COLUMBUS Gov. Ted Strickland s proposal to keep Ohio students in the classroom 20 days longer each year may have been bold for the Buckeye State and even the nation as a whole, but those extra weeks would bring the state just to the global average.
Students across the world spend an average of 200 days in school each year with nations such as China, Japan, Korea, and Australia raising the bar for all. But U.S. states largely remain tied to a 180-day year that, for the most part, gives students and teachers nearly three months off in the summer.
Korean students spend 225 days in the classroom. Those in Japan are in school 223 a year and those in China spend 221 in class, according to a 2003 Trends in International Mathematics and Science Study, the most recent data on international classroom time available.
The test scores show they are well outachieving us with regard to both math and science achievement, said Jennifer Davis, president of the Boston-based nonprofit National Center on Time and Learning.
The governor also has proposed lengthening the school day and mandating all-day kindergarten statewide, both of which would increase the number of hours that students and teachers spend in the classroom.
Only Massachusetts, which is in the fourth year of a pilot program, has beaten Ohio to the punch in experimenting with lengthening the school year. Although it also requires a minimum of 180 days, a pilot program provides grants to 12 school districts to increase classroom time by 25 percent. The program leaves it to the schools to decide whether to do that with longer days, years, or both.
Knowing that America s children are among the world s leaders in the amount of television they watch, we are claiming a few more hours of childhood for reading, thinking, community projects, and other activities, Mr. Strickland said last week in this third State of the State address.
And in exchange for those few hours, we will give our students a lifetime of advantages, he said.
Mr. Strickland promised transformational changes in Ohio s K-12 system, but it is expected to take several years to implement them. His proposal to lengthen the school year alone would be implemented over 10 years.
His budget to be proposed Monday will call for a down payment of $925 million more for schools, but his administration has estimated it would cost $3.5 billion more if everything were immediately implemented, including planned increases in the state s share of overall education costs.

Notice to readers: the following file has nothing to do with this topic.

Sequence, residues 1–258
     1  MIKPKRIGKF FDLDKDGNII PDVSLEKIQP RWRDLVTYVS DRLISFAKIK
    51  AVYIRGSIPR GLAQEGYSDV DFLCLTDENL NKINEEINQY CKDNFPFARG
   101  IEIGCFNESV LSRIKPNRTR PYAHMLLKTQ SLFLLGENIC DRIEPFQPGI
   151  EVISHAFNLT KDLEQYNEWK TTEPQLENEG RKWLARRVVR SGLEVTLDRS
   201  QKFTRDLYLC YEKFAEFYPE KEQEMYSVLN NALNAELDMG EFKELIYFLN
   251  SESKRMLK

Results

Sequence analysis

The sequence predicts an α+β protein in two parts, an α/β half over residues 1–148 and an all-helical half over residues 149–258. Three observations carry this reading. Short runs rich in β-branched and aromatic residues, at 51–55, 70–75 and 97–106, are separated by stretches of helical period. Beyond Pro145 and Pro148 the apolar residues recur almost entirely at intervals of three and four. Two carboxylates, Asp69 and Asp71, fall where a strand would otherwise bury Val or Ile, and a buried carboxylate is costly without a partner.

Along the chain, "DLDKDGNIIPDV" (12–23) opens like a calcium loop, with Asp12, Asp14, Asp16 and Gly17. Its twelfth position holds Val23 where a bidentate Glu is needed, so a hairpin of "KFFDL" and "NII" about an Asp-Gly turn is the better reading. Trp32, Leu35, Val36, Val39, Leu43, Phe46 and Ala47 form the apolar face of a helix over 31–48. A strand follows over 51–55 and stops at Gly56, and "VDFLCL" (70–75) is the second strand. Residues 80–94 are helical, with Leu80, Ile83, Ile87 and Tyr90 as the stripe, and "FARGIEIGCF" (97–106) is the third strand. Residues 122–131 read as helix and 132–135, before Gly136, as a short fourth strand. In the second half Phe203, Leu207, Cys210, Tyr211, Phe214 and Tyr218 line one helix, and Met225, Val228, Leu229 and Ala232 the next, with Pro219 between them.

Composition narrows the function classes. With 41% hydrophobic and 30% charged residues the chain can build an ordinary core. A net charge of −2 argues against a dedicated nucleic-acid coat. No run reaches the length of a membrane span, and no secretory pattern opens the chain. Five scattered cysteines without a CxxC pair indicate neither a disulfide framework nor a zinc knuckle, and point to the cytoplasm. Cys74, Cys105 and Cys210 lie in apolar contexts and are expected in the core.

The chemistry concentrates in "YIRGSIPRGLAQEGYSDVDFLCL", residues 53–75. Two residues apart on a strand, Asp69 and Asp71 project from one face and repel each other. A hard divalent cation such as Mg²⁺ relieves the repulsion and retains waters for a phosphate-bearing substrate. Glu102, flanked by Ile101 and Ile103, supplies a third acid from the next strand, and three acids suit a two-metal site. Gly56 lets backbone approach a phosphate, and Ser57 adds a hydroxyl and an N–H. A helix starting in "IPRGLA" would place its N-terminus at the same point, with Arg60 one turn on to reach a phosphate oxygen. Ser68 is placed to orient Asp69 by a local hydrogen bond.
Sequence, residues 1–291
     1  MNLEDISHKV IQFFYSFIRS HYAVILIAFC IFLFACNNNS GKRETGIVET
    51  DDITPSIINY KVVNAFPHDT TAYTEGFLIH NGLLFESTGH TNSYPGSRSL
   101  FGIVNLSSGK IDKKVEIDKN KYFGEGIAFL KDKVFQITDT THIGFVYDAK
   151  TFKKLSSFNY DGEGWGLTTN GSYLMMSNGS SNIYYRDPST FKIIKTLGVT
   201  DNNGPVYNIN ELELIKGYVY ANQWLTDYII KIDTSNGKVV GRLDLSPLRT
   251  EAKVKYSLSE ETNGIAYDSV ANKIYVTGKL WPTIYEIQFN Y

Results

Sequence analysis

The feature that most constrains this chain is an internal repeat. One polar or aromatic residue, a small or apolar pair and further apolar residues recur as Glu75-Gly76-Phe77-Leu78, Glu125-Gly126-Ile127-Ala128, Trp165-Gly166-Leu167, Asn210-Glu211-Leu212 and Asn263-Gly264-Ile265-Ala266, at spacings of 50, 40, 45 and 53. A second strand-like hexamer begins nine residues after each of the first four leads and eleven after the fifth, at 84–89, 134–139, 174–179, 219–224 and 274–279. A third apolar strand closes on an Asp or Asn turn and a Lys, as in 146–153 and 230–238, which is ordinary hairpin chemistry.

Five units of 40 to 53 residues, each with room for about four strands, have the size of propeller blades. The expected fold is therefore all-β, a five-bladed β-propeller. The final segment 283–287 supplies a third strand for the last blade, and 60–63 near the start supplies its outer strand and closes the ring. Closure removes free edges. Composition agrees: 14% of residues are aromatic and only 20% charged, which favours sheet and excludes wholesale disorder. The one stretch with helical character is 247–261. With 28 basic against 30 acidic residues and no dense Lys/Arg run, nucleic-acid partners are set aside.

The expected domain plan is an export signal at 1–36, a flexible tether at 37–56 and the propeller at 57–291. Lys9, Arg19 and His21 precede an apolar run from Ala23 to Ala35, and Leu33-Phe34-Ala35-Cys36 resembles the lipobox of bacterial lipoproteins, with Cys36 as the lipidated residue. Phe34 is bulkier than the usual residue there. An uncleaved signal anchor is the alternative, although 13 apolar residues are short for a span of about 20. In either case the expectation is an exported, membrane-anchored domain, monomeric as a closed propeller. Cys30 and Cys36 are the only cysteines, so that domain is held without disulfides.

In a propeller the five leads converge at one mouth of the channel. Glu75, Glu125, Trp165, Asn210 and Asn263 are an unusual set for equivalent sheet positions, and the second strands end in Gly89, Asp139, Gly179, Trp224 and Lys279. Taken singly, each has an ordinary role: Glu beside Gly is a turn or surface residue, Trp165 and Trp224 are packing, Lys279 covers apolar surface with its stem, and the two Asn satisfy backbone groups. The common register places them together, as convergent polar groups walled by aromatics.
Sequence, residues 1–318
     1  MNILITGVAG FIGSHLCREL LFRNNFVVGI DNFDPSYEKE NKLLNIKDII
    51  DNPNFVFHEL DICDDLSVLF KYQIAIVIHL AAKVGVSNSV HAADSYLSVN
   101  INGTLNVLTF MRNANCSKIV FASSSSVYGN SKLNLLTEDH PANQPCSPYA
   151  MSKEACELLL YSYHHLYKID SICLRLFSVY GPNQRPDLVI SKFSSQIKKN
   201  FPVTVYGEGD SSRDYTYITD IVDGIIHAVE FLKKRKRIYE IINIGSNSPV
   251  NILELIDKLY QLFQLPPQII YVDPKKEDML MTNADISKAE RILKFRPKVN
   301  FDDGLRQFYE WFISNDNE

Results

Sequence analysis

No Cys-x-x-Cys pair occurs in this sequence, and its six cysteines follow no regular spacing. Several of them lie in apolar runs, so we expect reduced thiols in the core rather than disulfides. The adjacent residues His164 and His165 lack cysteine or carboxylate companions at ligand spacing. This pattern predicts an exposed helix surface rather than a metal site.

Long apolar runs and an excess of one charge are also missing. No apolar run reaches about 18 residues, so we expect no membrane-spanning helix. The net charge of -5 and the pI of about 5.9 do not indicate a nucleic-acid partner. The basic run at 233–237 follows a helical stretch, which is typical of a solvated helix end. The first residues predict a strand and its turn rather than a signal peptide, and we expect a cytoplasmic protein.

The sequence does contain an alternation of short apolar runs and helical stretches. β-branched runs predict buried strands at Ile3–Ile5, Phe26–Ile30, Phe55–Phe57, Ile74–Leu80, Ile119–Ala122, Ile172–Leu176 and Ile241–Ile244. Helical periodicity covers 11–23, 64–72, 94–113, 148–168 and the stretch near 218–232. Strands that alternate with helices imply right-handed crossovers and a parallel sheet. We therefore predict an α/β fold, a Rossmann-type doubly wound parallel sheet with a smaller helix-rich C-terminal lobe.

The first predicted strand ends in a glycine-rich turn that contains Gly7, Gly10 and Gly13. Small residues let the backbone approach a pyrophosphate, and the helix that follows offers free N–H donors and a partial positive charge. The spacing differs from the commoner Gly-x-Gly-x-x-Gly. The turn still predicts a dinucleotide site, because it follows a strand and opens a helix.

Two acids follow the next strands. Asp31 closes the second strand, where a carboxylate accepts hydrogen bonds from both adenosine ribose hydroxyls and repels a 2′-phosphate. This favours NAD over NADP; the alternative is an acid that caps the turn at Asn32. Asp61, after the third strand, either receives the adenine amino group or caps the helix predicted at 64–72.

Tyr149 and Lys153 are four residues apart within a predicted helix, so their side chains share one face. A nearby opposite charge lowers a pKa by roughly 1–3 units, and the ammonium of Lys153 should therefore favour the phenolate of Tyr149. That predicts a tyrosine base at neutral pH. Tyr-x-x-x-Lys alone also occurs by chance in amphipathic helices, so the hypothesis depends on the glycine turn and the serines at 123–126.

Currently, Ohio requires teachers to be on the job a minimum of 182 days a year, two of which can be teacher professional development days. Nothing prevents school districts from offering longer school years, but the state s funding formula does not give them added credit for the extra days.
The Education Commission of the States reports that 30 states have the 180 days minimum requirement. Eleven are below that, between 160 and 179 days while two, Ohio and Kansas, are above that. Kansas requires 181 days for seniors but 186 for all other grades.
Eight states, including Michigan, measure their school calendars in hours as opposed to years.
Sue Taylor, president of the Ohio Federation of Teachers, said the union has supported much of what the governor has proposed, including efforts to enhance teacher quality. She worked for Cincinnati Public Schools, which voluntarily goes beyond the state minimum to have a 190-day school year.
The state sets the minimum number of school days required, she said. That obviously will affect contracts, hopefully at the conclusion of current contracts. We are not aware of a whole lot of professionals and workers who would agree to longer days and longer years without additional compensation.
Gretchen Bueter, principal of Toledo Public Schools Grove Patterson Academy, noted that her school is proof it can be done. Tomorrow, on the day his budget is presented in detail, Mr. Strickland will visit the school to sell his plan because it already tacks on five days of classroom instruction on the front end of the school year and five days of teacher professional development at the end.
The K-8 school also has a longer school day, 8 a.m. to 4 p.m. Ms. Bueter estimated that the extra daily hours translate into 47 additional days of instruction while providing time for 90 minutes of uninterrupted reading daily and a half-hour of foreign language.
It was tough to begin with, but it began with the proper union people and the administration coming together when they decided to put the program together, she said. There is extra pay for the extra time.
She expects to mail out 500 to 600 applications to households for between 75 and 100 open slots next year.
Sen. Teresa Fedor (D., Toledo), a former Toledo Public Schools teacher, noted the parts of the governor s proposal mirror what some city schools are already doing. It s a great start for our economic recovery, she said. We can t afford not to invest in fixing school funding and transformative academic reform. That s exactly his theme.
Contact Jim Provance at:firstname.lastname@example.org 614-221-0496.